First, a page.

Dyeing leather with indigo is a tricky business. Leather and indigo don't always play nice. It must also been an expensive project to undertake for indigo dyers in old Japan. Katazome, is indigo pattern dyeing method developed in Japan. To make the surface design on this wallet, first stencils were hand cut, then rice paste was applied to leather using the stencil. Once the rice paste is dried, it acts like a dye resist. Leather(with rice paste resist stenciled on) is dip dyed in indigo vat. When rice paste is washed out, the parts once covered by the resist is in its natural leather color, while other parts of leather is dyed deep blue.
Although there are some examples of indigo dyed leather from old Japan, information or reference on Katazome leather(indigo leather with stenciled pattern) is almost nonexistent . Due to this rarity, I was very happy when this wallet was successfully developed after many trial and error.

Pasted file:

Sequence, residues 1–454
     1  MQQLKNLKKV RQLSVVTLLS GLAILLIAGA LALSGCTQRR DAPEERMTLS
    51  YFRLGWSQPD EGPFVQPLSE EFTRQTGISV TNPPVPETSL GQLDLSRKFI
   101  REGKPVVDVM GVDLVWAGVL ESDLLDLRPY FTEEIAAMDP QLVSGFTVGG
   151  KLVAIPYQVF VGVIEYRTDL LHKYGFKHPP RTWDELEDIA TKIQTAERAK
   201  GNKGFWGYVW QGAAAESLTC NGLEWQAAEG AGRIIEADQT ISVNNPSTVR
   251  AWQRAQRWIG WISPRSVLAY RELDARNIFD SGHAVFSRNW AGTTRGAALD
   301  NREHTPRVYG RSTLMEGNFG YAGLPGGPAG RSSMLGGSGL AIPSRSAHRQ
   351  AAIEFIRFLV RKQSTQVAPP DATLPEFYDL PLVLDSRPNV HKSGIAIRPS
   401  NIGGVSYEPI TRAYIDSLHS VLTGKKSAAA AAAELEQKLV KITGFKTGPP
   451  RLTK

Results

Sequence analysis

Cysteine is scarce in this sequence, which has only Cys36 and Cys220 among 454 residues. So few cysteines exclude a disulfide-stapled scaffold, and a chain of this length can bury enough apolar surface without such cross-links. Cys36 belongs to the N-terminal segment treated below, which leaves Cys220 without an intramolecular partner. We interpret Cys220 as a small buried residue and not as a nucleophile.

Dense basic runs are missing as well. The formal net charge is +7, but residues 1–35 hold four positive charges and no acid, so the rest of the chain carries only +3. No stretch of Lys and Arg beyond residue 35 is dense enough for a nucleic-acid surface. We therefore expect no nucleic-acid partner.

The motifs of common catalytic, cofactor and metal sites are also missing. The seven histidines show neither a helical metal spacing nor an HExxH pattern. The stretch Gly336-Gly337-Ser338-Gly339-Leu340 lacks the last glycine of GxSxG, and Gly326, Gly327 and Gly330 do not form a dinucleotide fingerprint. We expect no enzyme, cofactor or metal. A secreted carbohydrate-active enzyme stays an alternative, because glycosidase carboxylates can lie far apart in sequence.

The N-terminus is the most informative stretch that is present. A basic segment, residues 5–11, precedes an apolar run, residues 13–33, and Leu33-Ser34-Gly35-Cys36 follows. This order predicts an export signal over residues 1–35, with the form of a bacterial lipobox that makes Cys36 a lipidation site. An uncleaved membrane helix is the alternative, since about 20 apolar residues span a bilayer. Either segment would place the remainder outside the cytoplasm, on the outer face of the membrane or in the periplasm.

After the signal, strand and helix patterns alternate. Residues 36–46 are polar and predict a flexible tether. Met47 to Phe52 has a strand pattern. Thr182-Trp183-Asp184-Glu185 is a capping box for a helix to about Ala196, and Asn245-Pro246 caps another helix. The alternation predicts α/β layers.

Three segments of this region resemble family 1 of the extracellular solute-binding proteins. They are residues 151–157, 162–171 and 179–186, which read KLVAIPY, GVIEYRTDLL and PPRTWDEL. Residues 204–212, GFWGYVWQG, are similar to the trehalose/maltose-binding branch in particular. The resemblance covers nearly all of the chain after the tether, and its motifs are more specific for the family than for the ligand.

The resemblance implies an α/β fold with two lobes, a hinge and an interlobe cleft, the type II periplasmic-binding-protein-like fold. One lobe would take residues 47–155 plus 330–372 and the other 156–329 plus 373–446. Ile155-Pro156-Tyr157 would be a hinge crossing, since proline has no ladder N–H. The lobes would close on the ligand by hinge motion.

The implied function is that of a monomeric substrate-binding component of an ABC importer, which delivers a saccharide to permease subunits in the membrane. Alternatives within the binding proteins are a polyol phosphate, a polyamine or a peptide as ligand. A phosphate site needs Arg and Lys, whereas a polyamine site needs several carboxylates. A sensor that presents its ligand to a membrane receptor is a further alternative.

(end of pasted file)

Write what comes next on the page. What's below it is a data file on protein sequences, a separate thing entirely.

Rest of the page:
The flower like pattern was inspired by the image of tea stain pattern on a napkin. My husband who is also a designer and an artist hand cut the stencil following the outline of the tea stain. With the stencil, rice paste resist was applied onto the leather.
Once the leather was dyed, it was waxed, cut and hand sewn with English saddle stitch. Edges were finished with leather dye then deer glue.
I always like carrying light wallets in my pants pocket, so I designed this wallet to be minimal and thin, skinny enough to fit into tight pants pockets. Enclosing flap neatly tucks into itself...Perfect. Hooray for traveling light!
I had one prototype made a year ago and had been carrying it around for the past year. The blue of indigo and the natural tanned leather gets softer and the color mellows as it ages - just like your favorite pair of jeans.